The main limitation of this study is the observational design with non-concurrent comparison groups. The baseline measurement was carried out over a period of 33 months before the ISPM solution was implemented. Both treatment and outcome of prostate cancer change over time25 and differences between the baseline and ISPM periods may be attributable to other time-varying factors, such as staff turnover. Furthermore, the lower frequency of pelvic lymph-node dissections in the ISPM period may, apart from a true effect of using the digital platform, be due to subtle changes in our operative indications for the procedure.

Access to patient-reported data is a major clinical need in healthcare in general, but particularly in the care of prostate cancer. The response rate to preoperative questionnaires was low in the baseline group, 32.6% compared with 70.9% the ISPM group. This difference reflects our effort made during the study period to increase patient participation in the national questionnaires on functional outcome rather than an effect of the digital platform.


Our implementation of the ISPM clinical decision support system in MDT sessions at Karolinska University Hospital was associated with more efficient presentations and decision making in the conference as well as higher perceived quality of the decision process, but not with improved patient outcomes.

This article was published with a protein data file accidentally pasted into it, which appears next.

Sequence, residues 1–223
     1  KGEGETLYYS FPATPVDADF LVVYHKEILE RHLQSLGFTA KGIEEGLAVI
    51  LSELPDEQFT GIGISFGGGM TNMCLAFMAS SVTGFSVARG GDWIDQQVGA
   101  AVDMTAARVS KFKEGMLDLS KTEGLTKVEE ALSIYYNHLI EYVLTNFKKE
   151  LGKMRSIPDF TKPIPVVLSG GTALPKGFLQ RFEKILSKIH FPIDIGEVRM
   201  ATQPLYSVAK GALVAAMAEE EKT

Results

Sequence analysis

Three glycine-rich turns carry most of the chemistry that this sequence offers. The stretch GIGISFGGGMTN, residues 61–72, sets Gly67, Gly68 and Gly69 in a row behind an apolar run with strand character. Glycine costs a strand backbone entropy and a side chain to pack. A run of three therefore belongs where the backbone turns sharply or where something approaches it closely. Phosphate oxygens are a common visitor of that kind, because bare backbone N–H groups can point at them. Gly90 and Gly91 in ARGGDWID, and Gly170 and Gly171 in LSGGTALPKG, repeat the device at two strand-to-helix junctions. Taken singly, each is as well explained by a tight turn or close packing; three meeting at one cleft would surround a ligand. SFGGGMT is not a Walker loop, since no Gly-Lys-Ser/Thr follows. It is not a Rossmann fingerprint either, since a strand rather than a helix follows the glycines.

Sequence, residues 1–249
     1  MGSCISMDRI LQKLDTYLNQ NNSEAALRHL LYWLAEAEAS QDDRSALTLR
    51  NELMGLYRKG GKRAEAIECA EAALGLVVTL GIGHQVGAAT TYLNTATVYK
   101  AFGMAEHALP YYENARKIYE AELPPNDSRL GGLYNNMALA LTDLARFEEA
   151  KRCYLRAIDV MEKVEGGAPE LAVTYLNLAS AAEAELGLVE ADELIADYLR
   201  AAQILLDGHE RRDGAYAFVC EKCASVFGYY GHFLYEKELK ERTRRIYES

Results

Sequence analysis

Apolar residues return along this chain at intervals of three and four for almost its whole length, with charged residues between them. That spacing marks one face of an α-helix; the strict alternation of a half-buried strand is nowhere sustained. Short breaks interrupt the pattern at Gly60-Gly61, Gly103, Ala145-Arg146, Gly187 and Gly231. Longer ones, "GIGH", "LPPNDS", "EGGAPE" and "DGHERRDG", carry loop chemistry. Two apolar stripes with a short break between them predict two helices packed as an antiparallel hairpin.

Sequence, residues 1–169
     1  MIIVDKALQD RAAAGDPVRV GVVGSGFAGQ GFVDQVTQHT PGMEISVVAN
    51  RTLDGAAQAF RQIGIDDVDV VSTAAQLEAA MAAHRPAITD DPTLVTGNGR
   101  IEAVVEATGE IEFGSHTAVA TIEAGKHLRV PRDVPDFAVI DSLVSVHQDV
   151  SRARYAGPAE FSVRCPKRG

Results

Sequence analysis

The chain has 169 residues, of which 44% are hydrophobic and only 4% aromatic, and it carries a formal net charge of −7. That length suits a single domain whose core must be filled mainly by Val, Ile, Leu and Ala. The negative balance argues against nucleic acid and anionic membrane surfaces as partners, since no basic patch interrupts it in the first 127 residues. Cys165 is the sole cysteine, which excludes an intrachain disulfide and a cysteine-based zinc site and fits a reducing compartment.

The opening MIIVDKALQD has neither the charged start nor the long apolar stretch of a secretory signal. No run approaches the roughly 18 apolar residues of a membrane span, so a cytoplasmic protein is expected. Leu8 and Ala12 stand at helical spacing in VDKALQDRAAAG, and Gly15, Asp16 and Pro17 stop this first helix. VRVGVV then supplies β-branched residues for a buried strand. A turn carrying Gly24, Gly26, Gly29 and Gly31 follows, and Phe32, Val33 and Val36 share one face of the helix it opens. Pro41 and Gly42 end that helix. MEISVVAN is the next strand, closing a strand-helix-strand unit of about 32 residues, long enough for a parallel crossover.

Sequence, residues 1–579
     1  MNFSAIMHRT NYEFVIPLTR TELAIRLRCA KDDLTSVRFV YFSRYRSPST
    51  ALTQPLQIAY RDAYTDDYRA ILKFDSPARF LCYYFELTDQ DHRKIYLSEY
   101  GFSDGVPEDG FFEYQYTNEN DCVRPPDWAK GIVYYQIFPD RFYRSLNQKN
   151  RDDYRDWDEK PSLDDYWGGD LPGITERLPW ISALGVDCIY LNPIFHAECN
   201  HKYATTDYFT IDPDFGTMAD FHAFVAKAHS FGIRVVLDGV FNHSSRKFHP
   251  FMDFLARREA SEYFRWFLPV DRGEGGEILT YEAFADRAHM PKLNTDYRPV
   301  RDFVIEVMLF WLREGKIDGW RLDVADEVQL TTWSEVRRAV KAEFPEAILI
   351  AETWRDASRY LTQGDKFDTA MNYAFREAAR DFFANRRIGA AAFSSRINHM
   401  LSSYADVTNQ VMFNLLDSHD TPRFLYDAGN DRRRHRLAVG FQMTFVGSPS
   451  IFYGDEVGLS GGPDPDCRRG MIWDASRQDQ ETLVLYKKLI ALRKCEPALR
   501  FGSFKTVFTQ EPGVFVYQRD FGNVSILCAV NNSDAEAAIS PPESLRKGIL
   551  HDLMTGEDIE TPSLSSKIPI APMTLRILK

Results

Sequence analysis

Data availability statement

No data are available.

Ethics statements

Patient consent for publication

Ethics approval

The study was approved by the Swedish Ethical Review Authority (Dnr 2018/109-31; 2020-05939).


Supplementary materials

  • Supplementary Data

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  • Contributors RH, MdK-S, FJ, PV, HH, MJ, OA and PHV conceived the study; RH, PV, OA and PHV wrote the study plan with input from ER, FJ, HH, MJ; ER, RH, MdK-S, FJ, PV, HH, MJ, OA and PHV contributed to the design of the software; ER, VS, FJ, PV, MdK-S, PHV collected the data; ER, VS, PHV performed the statistical analyses with input from RH, MCWG; ER, MCWG drafted the manuscript; all coauthors contributed substantially to the revision of the manuscript and approved the final version; ER and RH contributed equally to this paper; OA is principal investigator of the clinical study and guarantor of the work.

  • Funding This project has received funding from the European Union’s Horizon 2020 research and innovation programme under grant agreement No 780495.

  • Competing interests RH, MdK-S, PV, MCWG, HH and MJ are employees of Philips Research, Eindhoven, Netherlands.

  • Provenance and peer review Not commissioned; externally peer reviewed.

  • Supplemental material This content has been supplied by the author(s). It has not been vetted by BMJ Publishing Group Limited (BMJ) and may not have been peer-reviewed. Any opinions or recommendations discussed are solely those of the author(s) and are not endorsed by BMJ. BMJ disclaims all liability and responsibility arising from any reliance placed on the content. Where the content includes any translated material, BMJ does not warrant the accuracy and reliability of the translations (including but not limited to local regulations, clinical guidelines, terminology, drug names and drug dosages), and is not responsible for any error and/or omissions arising from translation and adaptation or otherwise.